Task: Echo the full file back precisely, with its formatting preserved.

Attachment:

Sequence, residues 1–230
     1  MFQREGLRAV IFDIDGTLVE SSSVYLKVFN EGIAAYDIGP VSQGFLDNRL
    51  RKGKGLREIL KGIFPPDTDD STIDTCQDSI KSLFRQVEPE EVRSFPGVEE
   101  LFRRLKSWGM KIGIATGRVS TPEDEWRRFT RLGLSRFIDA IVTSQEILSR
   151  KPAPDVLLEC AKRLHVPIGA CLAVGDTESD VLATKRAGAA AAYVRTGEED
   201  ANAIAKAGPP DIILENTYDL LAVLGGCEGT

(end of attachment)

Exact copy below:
Sequence, residues 1–230
     1  MFQREGLRAV IFDIDGTLVE SSSVYLKVFN EGIAAYDIGP VSQGFLDNRL
    51  RKGKGLREIL KGIFPPDTDD STIDTCQDSI KSLFRQVEPE EVRSFPGVEE
   101  LFRRLKSWGM KIGIATGRVS TPEDEWRRFT RLGLSRFIDA IVTSQEILSR
   151  KPAPDVLLEC AKRLHVPIGA CLAVGDTESD VLATKRAGAA AAYVRTGEED
   201  ANAIAKAGPP DIILENTYDL LAVLGGCEGT